This argument has been advanced to thwart the norm for cooling off. However, besides the fact that it does not take much time for anyone to familiarise themselves with issues and practices, voting and consensus are not based on individual relationships.
Voting on issues in the ICC is determined by the country's self-interest.
It is significant that it took Vikram Limaye (one of the members of the CoA) barely five days after being appointed to the CoA to understand the new financial model of the ICC and devise an alternative format which offered a win-win formula to participating countries.
This alternative could not be tested in the ICC Board meeting as Limaye was not the authorised representative of the BCCI to the ICC Board and the authorised representative (the then acting secretary) was committed to reiterating a revenue-sharing model devised in 2014.
This model never got operationalised, as it had been reversed by a vote of 9:1. The 2014 model, which had been premised on the 'big three' formula, was expected to net the BCCI $570 million but had not been operationalised so that no revenues as per that formulation ever accrued to India.
It is reported that Srinivasan had got that model approved when he was the ICC president, but the moment he moved out, the model got reversed in favour of more equitable distribution. As per the revised formula devised under the chairmanship of Shashank Manohar, India's share had been determined at $295 million.
The CoA soon realised that chasing the 2014 formula was like chasing a mirage. It made good media coverage to talk of BCCI domination over the ICC and that experienced administrators could recover lost ground, but it was soon realised that we needed to cut our losses and seek the best that the BCCI could receive under the new formula.
The CoA was successful in negotiating an enhancement from $295 million to $405 million. India thus continues to get the lion's share at 22.8% of the gross revenue of the ICC.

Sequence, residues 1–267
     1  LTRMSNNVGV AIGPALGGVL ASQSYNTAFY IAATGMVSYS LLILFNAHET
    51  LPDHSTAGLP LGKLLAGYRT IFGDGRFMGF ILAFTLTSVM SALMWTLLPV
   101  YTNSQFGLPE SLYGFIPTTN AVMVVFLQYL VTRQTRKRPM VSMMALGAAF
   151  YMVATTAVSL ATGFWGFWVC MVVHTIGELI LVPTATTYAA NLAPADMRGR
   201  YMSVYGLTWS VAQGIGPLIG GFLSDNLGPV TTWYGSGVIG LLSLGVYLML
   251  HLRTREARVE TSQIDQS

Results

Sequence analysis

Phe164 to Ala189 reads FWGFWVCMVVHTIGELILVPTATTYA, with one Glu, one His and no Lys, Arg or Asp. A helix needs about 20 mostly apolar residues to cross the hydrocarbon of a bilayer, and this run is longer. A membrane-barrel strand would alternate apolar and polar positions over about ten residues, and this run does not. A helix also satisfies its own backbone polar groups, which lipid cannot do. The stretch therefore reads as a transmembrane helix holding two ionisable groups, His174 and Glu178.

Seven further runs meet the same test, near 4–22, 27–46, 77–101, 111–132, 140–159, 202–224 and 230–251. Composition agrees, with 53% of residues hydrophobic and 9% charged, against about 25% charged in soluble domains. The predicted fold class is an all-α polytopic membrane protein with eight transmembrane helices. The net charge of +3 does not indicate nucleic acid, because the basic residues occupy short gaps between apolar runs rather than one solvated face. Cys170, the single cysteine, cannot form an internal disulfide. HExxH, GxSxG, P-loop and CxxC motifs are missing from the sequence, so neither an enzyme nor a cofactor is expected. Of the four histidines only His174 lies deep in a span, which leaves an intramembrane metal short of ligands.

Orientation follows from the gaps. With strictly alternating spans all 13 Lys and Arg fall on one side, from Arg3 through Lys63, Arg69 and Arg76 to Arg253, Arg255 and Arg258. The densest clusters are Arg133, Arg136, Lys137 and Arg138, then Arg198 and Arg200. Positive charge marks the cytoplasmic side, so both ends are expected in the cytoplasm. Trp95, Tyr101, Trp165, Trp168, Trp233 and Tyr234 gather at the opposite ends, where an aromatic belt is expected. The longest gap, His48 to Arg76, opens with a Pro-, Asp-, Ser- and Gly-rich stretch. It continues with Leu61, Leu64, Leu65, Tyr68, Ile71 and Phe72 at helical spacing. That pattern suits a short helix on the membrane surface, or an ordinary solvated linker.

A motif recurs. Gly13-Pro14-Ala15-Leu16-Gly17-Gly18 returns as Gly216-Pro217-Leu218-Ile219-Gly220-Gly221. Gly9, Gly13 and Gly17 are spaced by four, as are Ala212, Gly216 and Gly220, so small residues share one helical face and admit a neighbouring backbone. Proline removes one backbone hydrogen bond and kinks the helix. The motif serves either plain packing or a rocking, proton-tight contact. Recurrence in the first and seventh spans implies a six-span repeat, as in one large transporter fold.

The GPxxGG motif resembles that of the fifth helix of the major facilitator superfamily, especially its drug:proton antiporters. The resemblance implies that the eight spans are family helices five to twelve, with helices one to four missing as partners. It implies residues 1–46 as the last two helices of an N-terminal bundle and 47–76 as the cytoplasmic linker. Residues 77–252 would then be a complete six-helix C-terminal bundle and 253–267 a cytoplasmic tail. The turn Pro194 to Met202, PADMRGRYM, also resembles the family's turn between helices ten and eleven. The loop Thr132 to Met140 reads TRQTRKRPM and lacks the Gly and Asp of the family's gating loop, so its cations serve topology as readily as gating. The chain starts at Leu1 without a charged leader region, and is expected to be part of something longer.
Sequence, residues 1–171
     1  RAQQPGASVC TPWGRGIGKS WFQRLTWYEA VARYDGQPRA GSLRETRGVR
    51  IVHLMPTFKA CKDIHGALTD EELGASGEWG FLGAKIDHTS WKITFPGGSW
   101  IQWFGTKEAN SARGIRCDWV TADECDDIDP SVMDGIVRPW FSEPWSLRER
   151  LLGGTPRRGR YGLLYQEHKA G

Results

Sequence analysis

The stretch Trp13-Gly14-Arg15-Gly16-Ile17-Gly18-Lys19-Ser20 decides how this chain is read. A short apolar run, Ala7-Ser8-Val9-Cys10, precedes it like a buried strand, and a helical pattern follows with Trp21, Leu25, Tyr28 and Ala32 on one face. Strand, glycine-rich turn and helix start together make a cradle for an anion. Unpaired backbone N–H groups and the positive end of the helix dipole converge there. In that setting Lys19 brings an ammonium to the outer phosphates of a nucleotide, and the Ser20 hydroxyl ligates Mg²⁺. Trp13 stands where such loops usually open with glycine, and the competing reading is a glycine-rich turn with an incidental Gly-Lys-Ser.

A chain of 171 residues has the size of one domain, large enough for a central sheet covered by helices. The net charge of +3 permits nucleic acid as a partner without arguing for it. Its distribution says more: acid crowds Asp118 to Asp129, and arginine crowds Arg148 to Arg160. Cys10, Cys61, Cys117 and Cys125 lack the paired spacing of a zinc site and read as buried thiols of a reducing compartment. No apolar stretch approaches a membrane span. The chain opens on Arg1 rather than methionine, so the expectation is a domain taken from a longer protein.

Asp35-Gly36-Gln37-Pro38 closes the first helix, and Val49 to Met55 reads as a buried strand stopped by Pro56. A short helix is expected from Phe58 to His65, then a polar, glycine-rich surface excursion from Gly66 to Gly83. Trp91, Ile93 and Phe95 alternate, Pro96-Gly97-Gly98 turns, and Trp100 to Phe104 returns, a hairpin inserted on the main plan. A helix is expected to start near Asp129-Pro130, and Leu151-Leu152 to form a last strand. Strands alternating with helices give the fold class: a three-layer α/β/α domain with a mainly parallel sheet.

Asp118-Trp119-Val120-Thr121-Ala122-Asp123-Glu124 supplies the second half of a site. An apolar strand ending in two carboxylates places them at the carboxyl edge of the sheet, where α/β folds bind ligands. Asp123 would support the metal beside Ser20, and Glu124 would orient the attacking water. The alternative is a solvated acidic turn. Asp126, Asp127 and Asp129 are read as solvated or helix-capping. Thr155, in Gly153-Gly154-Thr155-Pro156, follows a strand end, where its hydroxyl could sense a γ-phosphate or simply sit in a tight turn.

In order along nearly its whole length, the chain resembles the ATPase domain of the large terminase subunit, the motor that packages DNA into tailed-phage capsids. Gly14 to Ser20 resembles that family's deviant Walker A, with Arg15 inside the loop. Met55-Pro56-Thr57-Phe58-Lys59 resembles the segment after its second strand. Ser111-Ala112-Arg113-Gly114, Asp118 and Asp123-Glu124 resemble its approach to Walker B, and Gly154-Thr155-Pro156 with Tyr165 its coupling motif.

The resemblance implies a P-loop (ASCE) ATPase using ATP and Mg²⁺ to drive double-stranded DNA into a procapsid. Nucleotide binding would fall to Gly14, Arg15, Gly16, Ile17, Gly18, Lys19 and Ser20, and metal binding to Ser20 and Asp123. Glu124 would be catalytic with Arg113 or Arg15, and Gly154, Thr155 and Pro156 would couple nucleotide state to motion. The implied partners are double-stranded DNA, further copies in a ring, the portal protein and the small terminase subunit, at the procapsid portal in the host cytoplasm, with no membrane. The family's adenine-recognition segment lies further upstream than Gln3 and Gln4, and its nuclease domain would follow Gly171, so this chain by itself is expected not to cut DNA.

Thus, in an attempt to ensure a stellar reputation for a body which, in years to come, will have to, under stakeholder pressure, become more transparent and accountable, the elected apex council must usher in good governance norms, setting ethical standards by example and ensuring that there is no conflict of interest and misuse of insider information.
Good governance dictates that at the professional and full-time employee level, a good corporate culture is introduced.
There is need to divide administration into three parts: Cricketing activities, finance and administration, including logistics and procurement.
The first category is best left to former reputed cricketers such as the cricket advisory committee for selection of a head coach. It comprises illustrious players such as Sachin Tendulkar, Sourav Ganguly and V V S Laxman.
This committee should also nominate selectors and not leave it to the general body to nominate selectors and that, too, on an annual basis.
There have been allegations of members of the general body appointing selectors from their 'coterie' and thereby influencing decisions during team selection.
Professionals working in the second and third category referred to above must introduce procurement procedures, pre-and post-audit mechanisms and ensure non-interference from outside. There is a role for an ombudsman and an ethics officer to ensure the integrity of the administration.